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The EU-funded Horizon2020 project “The future of Arctic coastal ecosystems - Identifying transitions in fjord systems and adjacent coastal areas” (FACE-IT) sets out to provide the first large-scale systematic comparison of coastal areas under variable degrees of cryosphere loss. I investigate intraspecific differences of kelp species, with a main focus on biochemistry and population genomics.
October 2017 - present
- Master's Student
- Student lab courses: Physiology Course - Antioxants, Introduction into marine and freshwater algae; Experiences in supervising Bachelor students and interns
Macroalgae such as kelp are important ecosystem engineers in the Polar Regions and potentially affected by freshening and ocean warming. The endemic Arctic kelp Laminaria solidungula might be particularly imperiled and become locally extinct from Arctic fjord systems in the future, since temperature increase is most pronounced in the Polar Regions....
Intertidal rocky shore ecosystems are affected by steep environmental gradients such as fluctuating solar irradiation and salinity along the marine-terrestrial interface. The eulittoral red alga Pyropia plicata (Bangiales) is endemic and abundant to coastal regions of New Zealand and almost unstudied in terms of ecophysiological performance under r...
Geographic distributions of pathogens are affected by dynamic processes involving host susceptibility, availability and abundance. An oomycete, Pythium porphyrae, is the causative agent of red rot disease, which plagues Pyropia farms in Korea and Japan almost every year and causes serious economic damage. We isolated an oomycete pathogen infecting...
The shallow coastal water zone of the tide-less southern Baltic Sea is dominated by exposed sandy sediments which are typically inhabited by microphytobenthic communities, but their primary production is poorly studied, and hence four stations between 3.0 and 6.2 m depth were investigated. Sediment cores were carefully taken to keep the natural lay...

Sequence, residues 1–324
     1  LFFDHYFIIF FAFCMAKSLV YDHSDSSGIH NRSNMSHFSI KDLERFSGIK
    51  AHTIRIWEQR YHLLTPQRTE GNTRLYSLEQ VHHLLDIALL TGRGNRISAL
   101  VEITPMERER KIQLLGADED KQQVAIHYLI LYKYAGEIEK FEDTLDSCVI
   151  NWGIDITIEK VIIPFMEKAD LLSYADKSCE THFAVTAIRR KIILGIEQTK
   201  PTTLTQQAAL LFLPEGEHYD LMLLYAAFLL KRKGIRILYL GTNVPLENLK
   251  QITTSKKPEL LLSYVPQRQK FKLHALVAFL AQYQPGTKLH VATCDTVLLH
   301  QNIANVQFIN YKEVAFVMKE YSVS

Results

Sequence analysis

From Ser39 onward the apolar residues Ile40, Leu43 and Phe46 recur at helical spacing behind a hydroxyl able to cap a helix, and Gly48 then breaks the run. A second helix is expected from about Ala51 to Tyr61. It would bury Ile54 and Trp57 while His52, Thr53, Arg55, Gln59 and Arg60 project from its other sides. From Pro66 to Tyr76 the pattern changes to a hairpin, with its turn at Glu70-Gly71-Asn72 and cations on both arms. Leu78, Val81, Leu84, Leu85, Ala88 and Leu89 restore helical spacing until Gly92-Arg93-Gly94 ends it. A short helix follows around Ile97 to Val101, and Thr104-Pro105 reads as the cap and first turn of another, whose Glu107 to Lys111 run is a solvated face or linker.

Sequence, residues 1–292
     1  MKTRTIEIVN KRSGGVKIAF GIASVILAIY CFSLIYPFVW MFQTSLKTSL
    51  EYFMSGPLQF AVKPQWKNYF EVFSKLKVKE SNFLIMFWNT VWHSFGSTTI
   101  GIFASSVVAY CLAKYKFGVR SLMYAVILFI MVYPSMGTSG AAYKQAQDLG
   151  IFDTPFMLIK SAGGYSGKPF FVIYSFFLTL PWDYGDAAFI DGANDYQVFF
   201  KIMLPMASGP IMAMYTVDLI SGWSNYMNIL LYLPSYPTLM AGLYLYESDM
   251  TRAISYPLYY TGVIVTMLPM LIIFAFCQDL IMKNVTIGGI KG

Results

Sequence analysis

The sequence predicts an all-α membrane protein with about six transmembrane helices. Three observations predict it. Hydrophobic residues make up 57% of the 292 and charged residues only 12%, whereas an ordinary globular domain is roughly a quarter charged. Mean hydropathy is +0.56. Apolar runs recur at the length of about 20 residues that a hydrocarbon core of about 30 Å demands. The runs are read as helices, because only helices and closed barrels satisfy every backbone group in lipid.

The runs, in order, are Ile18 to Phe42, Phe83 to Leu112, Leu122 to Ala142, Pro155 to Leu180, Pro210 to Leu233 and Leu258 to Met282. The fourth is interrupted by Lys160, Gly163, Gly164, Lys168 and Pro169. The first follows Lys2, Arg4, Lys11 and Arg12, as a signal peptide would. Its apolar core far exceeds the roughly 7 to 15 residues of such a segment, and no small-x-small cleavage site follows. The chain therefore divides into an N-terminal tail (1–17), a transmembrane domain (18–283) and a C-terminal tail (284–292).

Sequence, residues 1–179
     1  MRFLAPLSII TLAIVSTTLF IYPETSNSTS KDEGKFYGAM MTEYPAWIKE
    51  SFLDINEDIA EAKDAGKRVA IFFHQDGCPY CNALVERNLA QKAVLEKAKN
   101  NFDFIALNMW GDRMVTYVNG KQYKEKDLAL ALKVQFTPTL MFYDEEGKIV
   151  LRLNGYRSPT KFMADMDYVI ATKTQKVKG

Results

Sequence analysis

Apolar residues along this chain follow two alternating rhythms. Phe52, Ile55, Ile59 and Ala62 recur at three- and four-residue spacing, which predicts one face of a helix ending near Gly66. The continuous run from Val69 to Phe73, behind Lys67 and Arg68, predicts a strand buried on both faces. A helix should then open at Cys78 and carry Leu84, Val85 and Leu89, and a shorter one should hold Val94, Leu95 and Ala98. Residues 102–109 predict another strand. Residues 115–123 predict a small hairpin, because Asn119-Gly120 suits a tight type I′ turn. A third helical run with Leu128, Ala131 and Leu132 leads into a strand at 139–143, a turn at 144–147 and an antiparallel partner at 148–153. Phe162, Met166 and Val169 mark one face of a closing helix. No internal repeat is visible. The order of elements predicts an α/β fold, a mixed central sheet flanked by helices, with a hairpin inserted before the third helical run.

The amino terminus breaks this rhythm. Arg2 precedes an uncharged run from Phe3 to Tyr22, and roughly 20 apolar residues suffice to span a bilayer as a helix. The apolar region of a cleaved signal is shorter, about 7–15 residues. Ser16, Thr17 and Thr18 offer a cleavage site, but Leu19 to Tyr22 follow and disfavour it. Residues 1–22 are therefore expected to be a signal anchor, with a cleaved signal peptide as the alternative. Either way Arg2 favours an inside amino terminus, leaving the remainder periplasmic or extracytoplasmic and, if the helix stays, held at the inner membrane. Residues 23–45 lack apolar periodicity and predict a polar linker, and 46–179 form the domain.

Polar regions are facing rapid temperature increase. In Arctic fjord systems, increased temperatures result in hyposalinity caused by the melting of sea ice and glaciers and freshwater run-off. Additionally, enhanced freshwater discharge and intrusion of nutrient-rich Atlantic water may result in nutrient input in summer. Combined, these factors mi...
Kelps are important foundation species in coastal ecosystems currently experiencing pronounced shifts in their distribution patterns caused by ocean warming. While some populations found at species’ warm distribution edges have been recently observed to decline, expansions of some species have been recorded at their cold distribution edges. Reduced...
The sugar kelp Saccharina latissima experiences a wide range of environmental conditions along its geographical and vertical distribution range. Temperature and salinity are two critical drivers influencing growth, photosynthesis and biochemical composition. Moreover, interactive effects might modify the results described for single effects. In sha...
Phenotypic plasticity (genotype × environment interaction) is an especially important means for sessile organisms to cope with environmental variation. While kelps, the globally most productive group of seaweeds, generally possess a wide thermal performance range, kelp populations at their warm distribution limits are threatened by ocean warming. H...
Kelps, perennial brown seaweeds of the order Laminariales, are foundation species in Arctic coastal ecosystems. Presently, their ability to persist under polar night conditions might be significantly affected by increasing winter temperatures. We assessed physiological parameters (photosynthesis, pigment content, respiration, carbohydrate storage)...
https://www.face-it-project.eu/ Glacier fronts and sea ice systems are hotspots of biodiversity. Their retreat will pose threats to Arctic coastal ecosystem function and eventually local livelihoods. The Arctic is a harbinger of the consequences of multiple global and regional environmental change on ecosystems and livelihoods: The overarching objective of FACE-IT is to enable adaptive co-management of social-ecological fjord systems in the Arctic in the face of rapid cryosphere and biodiversity changes.
Acclimation of different Kelp species to ocean warming, focussing on latitudinal gradients & local adaptations along the Euopean coast.